Singer Songwriter Al Scortino from Sebastian, FL was also inspired to write a song about the unmarked graves of the boys who died at the Dozier School for Boys called, “Marianna.”

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The work continues to identify the remains and how they died through scientific techniques including DNA matching.  According to a press statement, researchers uncovered bones, teeth, and numerous artifacts in all of the burials.  The research team is expected to develop a “summary report” for each body, including findings from not only the skeletal and dental remains, but uncovered artifacts, and burial context.

The team is continuing its efforts to find surviving families of former Dozier students to collect DNA.  The research team has released a list of those families online.  Anyone with information on the families should call Hillsborough County Sheriff’s Master Detective Greg Thomas at (813) 247-8678.

There is also a website dedicated to finding answers for family members.

historic photo
Former Governor Claude Kirk tours the Dozier School for Boys in 1968.

The Dozier School for Boys opened at the turn of the twentieth century in Marianna, west of Tallahassee.  State records indicate 96 boys died while housed there.  The juvenile reform school has been the subject of repeated state and federal investigations.

According to a statement from the research team, the search for unmarked burials is set to resume at the shuttered school in the coming months using specially-trained K-9 teams and ground penetrating radar.

 Earlier Posts

September 3, 2013

Program Director of the C.A. Pound Human Identification Laboratory at the University of Florida, Michael Warren.

The first round of excavations ended on Tuesday at the now closed Dozier School for Boys in the Marianna community in Florida’s Panhandle with the discovery of the skeletal remains of two bodies.  University of South Florida Anthropologist Erin Kimmerle and a team of archaeologists are working to exhume, identify and examine bodies from unmarked graves at the school’s cemetery from the time period of 1914 to 1952.  It’s the kind of work that University of Florida forensic specialists know very well.  Program Director for the C.A. Pound Human Identification Lab at the University of Florida’s Anthropology Department, Michael Warren has worked a wide variety of high profile cases through the years, including the Caylee Anthony murder case and the recent murder of Seath Jackson in Summerfield.  In the latter case Warren was asked to testify during the trial four times.  Prosecutors say Jackson was shot, dismembered and burned before being dumped into an area water body.  A jury found Michael Bargo guilty of first degree murder in that case.  Four others in the case have been convicted.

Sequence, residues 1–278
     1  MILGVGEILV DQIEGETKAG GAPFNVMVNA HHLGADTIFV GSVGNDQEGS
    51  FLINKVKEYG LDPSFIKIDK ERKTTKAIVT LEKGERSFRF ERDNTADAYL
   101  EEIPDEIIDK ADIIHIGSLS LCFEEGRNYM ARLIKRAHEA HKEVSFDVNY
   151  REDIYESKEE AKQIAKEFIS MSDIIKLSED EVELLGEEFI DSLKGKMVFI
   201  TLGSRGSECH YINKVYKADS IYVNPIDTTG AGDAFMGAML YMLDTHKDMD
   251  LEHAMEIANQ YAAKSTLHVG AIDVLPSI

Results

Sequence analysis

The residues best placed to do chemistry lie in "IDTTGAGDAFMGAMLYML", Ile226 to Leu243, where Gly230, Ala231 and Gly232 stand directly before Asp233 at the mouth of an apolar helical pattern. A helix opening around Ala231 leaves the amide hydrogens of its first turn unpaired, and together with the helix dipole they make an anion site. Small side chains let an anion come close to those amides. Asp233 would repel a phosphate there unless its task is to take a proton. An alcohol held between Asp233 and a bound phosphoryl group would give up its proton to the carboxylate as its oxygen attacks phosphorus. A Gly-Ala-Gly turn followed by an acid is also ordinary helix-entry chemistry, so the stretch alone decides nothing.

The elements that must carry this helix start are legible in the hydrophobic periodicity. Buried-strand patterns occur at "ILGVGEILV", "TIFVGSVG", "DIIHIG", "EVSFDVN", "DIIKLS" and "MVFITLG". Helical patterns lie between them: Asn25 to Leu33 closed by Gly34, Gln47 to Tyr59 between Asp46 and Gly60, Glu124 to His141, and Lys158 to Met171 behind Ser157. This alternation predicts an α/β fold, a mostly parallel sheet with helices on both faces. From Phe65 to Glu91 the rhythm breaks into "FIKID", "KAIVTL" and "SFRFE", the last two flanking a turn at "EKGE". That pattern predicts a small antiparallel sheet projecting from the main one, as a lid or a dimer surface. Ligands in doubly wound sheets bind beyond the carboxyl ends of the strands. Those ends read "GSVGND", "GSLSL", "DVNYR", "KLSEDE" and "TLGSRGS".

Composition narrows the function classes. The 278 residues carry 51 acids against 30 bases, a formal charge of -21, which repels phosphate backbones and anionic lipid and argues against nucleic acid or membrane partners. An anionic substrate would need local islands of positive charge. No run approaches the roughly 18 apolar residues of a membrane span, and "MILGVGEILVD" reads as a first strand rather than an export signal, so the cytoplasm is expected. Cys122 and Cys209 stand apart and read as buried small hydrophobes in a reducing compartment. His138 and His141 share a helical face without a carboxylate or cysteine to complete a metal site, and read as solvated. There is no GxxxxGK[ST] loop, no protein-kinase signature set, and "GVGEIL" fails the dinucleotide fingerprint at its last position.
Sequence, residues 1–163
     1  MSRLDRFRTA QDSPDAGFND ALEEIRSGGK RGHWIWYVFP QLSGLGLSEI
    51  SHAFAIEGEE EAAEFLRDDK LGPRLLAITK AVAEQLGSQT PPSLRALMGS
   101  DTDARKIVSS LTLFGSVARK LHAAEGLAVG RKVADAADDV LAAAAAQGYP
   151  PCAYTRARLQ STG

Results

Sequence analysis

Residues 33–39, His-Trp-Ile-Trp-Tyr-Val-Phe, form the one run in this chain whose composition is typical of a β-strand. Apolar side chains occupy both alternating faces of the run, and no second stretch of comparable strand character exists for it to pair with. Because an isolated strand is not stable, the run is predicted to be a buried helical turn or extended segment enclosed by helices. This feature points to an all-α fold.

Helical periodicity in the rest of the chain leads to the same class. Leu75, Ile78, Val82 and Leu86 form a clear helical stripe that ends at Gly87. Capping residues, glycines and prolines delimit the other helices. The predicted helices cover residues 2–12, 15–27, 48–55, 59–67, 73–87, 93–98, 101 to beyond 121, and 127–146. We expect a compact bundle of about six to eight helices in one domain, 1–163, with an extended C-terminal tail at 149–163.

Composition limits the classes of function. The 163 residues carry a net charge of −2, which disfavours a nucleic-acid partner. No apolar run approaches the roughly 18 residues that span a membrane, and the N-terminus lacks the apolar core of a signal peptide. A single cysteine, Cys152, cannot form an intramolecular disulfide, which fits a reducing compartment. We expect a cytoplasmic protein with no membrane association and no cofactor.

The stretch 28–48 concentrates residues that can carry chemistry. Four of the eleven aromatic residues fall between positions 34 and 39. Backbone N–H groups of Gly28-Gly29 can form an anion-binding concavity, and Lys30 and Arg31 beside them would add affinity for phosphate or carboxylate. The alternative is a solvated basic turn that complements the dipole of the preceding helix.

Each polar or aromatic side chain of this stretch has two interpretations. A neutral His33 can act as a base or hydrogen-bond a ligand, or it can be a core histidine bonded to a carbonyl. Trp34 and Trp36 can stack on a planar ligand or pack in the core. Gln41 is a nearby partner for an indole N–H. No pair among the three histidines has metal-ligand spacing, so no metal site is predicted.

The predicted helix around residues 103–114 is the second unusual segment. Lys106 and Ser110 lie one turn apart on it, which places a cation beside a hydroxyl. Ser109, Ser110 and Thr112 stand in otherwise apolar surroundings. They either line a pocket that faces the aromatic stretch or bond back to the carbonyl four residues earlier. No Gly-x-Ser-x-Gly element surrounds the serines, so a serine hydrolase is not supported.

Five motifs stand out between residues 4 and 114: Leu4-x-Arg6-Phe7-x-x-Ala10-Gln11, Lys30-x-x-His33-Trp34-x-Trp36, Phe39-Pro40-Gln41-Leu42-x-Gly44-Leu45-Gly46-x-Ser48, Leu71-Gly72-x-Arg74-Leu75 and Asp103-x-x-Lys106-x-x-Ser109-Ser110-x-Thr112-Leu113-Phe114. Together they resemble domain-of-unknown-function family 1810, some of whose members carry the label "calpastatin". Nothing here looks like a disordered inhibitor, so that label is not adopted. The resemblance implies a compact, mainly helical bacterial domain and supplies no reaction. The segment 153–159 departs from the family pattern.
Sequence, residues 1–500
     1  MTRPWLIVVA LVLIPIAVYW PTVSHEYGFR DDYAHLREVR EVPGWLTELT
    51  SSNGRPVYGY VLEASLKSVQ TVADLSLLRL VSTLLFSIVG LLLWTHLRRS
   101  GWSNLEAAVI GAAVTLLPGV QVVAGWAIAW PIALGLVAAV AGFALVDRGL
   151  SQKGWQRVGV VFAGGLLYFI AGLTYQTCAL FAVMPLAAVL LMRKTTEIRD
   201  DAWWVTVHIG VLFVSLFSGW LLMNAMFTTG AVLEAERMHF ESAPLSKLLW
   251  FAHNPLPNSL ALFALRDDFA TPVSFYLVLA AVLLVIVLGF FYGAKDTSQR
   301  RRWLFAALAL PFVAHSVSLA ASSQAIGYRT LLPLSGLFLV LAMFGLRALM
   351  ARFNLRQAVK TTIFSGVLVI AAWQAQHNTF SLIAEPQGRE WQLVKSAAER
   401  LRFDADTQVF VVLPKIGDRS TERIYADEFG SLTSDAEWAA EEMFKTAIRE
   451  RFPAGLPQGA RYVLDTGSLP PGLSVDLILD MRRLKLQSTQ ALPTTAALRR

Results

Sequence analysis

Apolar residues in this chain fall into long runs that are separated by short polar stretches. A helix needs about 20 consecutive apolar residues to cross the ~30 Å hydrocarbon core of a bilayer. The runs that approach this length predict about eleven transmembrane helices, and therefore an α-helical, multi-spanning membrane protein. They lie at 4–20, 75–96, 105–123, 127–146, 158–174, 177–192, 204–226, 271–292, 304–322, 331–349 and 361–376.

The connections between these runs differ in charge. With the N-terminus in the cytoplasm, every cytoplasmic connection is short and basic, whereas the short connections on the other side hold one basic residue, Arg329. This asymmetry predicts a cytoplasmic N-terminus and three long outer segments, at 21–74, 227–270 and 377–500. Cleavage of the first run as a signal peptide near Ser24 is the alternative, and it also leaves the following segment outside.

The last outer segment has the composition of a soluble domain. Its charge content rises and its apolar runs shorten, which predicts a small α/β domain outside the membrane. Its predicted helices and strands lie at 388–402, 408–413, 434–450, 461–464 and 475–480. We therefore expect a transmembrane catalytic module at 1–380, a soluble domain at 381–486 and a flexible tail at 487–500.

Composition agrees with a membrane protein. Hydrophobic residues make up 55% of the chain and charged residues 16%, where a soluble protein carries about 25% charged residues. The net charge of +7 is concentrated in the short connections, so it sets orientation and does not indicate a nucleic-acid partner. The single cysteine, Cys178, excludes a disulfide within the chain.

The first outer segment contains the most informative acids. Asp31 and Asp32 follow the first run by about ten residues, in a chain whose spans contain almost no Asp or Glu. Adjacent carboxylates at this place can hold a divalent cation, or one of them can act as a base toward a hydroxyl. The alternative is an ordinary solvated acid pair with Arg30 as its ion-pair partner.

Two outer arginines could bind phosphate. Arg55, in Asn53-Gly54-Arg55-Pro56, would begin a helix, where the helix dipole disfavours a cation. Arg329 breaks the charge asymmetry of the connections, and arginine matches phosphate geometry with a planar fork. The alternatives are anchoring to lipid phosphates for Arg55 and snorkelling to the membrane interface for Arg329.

Michael Warren talked with WUFT’s Amanda Jackson and Donna Green-Townsend about what the process will be like for the USF team doing the excavation of the unaccounted for bodies at the now closed Dozier School for Boys in Jackson County.  Warren says he’s confident about the work USF Anthropologist Erin Kimmerle and her team will be doing over the next few months.  The excavation of bodies from the Dozier School for Boys began on Saturday, August 31st, 2013.  The unmarked graves received national attention after a group of former students, under the name, “The White House Boys Survivors Organization,” made allegations of abuse while residing at the school.  Researchers believe there are at least 31 unmarked graves from between 1914 to 1952.  USF received $190,000 from the state legislature and nearly $424,000 from the U.S. Department of Justice for the work.  He described the process the USF team will be going through:


Published on Sep  2, 2013

USF anthropology professor Erin Kimmerle talked to reporters as exhumations begin at the Boot Hill cemetery at the Dozier School for Boys in Marianna, FL on Saturday. USF researchers are exhuming dozens of graves at the former Panhandle reform school in hopes of identifying the boys buried there and learning how they died.
(video courtesy CNN, edited by Mark Schreiner)


USF Anthropologist Erin Kimmerle speaks at Dozier